I love Thanksgiving. Big shock from a person who has centered her life around food, right? I love seeing my big crazy family. I love adding wine to a pan sauce, then pouring some into my glass. I love listening to my sister's misadventures in dating and my mom's stories about way back when. I love pie and believe stuffing is the best food ever made.
But what I don't love is turkey. And if I don't love it, it's not touching my table. So I've created a new tradition. In lieu of turkey, I serve chilled stone crabs with mustard sauce—a true celebration of Florida.
After I went to culinary school, my mom swore off the kitchen. "I sent you to school; you can cook," she said. That was the last we saw her sweating over the stove.
For five years, I dabbled with the bird. Armed with a fresh food perspective and armloads of recipes, I toiled in the kitchen. I dry-brined, wet-brined, spatchcocked and fried. I roasted and smoked and even deboned. But every year resulted in a dry turkey, flavorless and dull. Sure, some years were better than others, and for a turkey fan, my results were probably fine. I'm not, though. I needed more.
Then, in a chance encounter one early November at my mother's home, I met a fisherman's son. He was working for the cable company, and—as I have been trained—I got him a glass of lemonade and chatted with him while he worked. Mom always said, "Treat people like people," and it stuck. Thank goodness, because while we were talking, he told me about his family's business: harvesting stone crabs.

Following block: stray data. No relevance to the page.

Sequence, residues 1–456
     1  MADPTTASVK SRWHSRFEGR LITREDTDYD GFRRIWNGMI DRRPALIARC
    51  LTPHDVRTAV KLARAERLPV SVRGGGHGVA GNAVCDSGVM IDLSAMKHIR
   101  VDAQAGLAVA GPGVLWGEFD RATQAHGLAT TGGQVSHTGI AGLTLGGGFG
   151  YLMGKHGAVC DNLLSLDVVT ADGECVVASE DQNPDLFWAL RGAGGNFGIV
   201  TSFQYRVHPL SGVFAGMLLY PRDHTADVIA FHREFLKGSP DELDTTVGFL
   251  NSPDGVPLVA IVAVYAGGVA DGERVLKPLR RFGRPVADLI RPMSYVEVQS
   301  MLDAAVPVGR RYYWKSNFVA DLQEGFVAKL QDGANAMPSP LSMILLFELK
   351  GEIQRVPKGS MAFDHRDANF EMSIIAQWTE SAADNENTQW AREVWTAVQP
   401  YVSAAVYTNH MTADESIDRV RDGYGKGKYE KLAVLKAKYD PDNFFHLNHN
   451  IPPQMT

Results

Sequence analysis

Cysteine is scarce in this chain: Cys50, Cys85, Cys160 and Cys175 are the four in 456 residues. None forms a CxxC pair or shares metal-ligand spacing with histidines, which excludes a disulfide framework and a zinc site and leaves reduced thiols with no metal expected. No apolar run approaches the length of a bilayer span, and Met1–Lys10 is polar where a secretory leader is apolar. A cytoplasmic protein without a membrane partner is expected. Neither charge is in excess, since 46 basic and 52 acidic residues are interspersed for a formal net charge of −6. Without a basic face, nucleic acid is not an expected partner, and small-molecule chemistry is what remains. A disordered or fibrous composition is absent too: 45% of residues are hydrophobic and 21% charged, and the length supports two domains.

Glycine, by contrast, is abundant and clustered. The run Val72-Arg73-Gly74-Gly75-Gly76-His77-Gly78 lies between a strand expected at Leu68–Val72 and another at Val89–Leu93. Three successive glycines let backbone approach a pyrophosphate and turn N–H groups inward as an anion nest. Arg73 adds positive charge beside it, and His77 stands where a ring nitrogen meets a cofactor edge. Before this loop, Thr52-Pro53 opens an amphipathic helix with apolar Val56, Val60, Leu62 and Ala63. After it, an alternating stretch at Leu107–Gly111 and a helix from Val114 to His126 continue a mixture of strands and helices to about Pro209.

Any native Floridian knows that having a stone crab fisherman in your circle is a helluva get. Private fishermen often offer their catch at a discount when compared to the grocery store. I've already put in my order for this Thanksgiving, and this year we saved $12 per pound, although I'm sure we will spend those savings at Publix on the rest of the meal, thanks to inflation.
Meeting the fisherman's son sparked an idea to trash the turkey and try something new. I proposed serving stone crabs instead to my family but was met with pushback in the name of tradition. We compromised with a smaller bird supplemented with a heaping plate of claws. At the end of our meal, the turkey stood almost untouched as we washed the crabs' juices off our hands and settled on the lanai with small glasses of port.
The following year, we knew what we had to do. I called our guy to order the stone crabs, our new centerpiece. My mom, ever the worrier, made a small ham just in case. In between transferring the food to the dining room table, our dog ate the ham. The whole thing.
We laughed and cracked our crabs, my mom inspecting each discarded shell to be sure no one had missed a meaty morsel. And in that moment, we also cracked open a new Thanksgiving tradition.